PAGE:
Skin Care Blogs

Chemical vs. Physical Sunscreen: What’s the Difference?

This time of year, sun protection is top of mind. Whether you’re curious about the best sunscreens for everyday wear or the most common SPF myths, we’ve got you covered this summer with our guide to safe sun 101.

Sunscreen formulations have come a long way in recent years, but with so many options, finding your holy grail still takes trial and error. What works for one person may not work for everyone—and no one wants to use a sunscreen that makes them look like a not-so-distant relative of Beetlejuice.

But choosing a sunscreen doesn’t have to be scary, if you learn how to shop smarter—and that starts with knowing the difference between the two main types, chemical sunscreen and physical (or mineral) sunscreen.

We talked to the experts—Dr. Dendy Engelman, a board-certified dermatologist in New York and Dr. Erum Ilyas, a board-certified dermatologist in King of Prussia, Pa.—about what exactly chemical and physical sunscreens are, how they work and what each type does best, so you can learn which one works for you. After all, the best sunscreen is the one you’ll use every day.

How Does Physical Sunscreen Work?

“Physical sunscreen, also known as mineral sunscreen, acts as a shield by sitting on your skin’s surface and deflecting UV rays to prevent sunburn,” explains Dr. Engelman. Physical sunscreen is made with the mineral-based ingredients zinc oxide and titanium dioxide, which help to reflect and scatter harmful rays from the sun. If the only active ingredients listed on your sunscreen’s label are zinc oxide and/or titanium dioxide, it’s a physical sunscreen.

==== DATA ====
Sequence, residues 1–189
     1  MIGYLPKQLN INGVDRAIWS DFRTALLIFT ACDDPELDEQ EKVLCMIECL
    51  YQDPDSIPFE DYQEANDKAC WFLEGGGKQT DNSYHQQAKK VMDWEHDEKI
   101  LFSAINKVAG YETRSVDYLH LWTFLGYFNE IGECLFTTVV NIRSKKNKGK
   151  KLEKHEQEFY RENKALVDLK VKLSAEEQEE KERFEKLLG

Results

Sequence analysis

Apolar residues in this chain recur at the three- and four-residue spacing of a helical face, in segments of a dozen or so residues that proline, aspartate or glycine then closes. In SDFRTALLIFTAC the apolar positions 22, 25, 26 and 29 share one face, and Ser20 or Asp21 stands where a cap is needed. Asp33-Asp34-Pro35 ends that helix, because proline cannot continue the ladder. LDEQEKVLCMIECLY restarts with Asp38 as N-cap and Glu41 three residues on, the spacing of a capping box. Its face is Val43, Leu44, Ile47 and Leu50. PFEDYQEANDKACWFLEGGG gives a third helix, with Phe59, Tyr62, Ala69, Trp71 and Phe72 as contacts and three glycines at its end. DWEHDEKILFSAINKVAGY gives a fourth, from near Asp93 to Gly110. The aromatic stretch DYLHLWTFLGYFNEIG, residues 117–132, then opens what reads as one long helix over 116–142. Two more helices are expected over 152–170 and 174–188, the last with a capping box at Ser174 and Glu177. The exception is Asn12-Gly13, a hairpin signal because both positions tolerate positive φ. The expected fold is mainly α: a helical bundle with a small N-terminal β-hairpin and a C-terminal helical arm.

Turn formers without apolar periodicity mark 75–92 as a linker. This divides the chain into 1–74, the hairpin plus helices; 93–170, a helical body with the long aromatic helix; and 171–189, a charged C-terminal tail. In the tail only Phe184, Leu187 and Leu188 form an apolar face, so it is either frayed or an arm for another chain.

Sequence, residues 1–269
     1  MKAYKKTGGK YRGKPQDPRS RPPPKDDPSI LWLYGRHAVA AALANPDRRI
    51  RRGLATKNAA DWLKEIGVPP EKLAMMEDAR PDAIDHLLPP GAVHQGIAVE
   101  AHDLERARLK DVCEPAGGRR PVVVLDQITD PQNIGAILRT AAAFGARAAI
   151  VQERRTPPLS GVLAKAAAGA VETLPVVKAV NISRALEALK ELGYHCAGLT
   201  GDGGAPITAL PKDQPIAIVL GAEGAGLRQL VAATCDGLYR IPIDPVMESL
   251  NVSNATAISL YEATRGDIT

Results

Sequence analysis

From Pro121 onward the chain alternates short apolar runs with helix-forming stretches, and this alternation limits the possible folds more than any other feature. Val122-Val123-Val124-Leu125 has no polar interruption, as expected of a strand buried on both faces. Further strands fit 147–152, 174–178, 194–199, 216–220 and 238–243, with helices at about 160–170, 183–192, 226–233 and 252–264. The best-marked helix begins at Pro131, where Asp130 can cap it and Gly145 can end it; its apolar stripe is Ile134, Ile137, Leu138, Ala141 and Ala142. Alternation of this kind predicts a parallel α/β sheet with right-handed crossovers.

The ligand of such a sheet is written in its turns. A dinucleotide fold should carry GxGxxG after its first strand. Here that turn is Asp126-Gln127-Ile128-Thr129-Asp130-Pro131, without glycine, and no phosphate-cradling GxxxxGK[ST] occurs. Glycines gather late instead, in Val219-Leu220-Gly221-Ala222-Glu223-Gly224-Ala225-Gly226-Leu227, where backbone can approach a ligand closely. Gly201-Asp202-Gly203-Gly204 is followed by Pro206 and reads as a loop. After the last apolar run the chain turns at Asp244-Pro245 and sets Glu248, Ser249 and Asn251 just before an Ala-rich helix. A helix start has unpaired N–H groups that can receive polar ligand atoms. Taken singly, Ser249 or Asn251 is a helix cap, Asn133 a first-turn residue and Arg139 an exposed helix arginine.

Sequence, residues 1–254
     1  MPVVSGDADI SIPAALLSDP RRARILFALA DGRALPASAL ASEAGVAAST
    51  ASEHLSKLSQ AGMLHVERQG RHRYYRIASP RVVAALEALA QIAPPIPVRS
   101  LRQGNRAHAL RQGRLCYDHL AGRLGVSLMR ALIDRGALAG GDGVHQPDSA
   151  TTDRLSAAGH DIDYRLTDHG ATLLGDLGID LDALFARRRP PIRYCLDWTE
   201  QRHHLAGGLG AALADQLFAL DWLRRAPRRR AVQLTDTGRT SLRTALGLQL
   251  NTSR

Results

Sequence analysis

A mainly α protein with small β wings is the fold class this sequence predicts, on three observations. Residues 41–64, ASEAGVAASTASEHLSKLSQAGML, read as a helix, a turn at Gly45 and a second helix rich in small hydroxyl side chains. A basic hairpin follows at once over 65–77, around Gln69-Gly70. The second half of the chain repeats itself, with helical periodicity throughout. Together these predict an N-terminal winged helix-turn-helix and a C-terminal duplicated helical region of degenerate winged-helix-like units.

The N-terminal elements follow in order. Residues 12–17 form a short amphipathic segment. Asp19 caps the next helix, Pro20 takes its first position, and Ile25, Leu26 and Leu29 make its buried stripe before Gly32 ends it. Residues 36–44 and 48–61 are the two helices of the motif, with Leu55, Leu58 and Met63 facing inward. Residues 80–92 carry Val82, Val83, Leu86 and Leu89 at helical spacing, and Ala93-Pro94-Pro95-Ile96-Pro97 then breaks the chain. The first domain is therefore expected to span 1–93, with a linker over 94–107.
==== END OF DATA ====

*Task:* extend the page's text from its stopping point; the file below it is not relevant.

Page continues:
The Pros: “Because physical sunscreen sits on top of the skin rather than being absorbed, it is considered ‘safer,’ especially for children and pregnant women, than chemical sunscreen,” explains Dr. Engelman. She also shares that it is an ideal option if you need to quickly apply some sun protection and go, as it starts working right away, as opposed to chemical sunscreen, which can take about half an hour for effective sun protection. Physical sunscreen may also be a better option for those with sensitive skin.

The Cons: Physical sunscreens do have one common complaint: Their ingredients often leave a white, ghost-like cast on the user. “The reality is that even though physical sunscreens are generally recognized as safe and effective and more reliable in their ability to block UV light, they are also thicker, more difficult to apply and can leave a white ghostly cast on the skin,” explains Dr. Ilyas. Fortunately, tinted formulas and new ingredient technologies are giving physical sunscreen wearers more and more options to avoid the Casper aesthetic (see a few of our favorites below).

How Does Chemical Sunscreen Work?

While physical sunscreens work like a reflective barrier on skin’s surface, chemical sunscreens partially absorb into skin and prevent UV damage through a chemical reaction. “Chemical sunscreen usually contains oxybenzone, dioxybenzone, avobenzone, octocrylene, homosalate, octinoxate and other chemicals, which absorb and release damaging UV rays,” shares Dr. Engelman. If the active ingredients listed on your sunscreen’s label contain anything other than zinc oxide or titanium dioxide, it’s a chemical sunscreen (though some hybrid formulas contain both chemical and physical ingredients).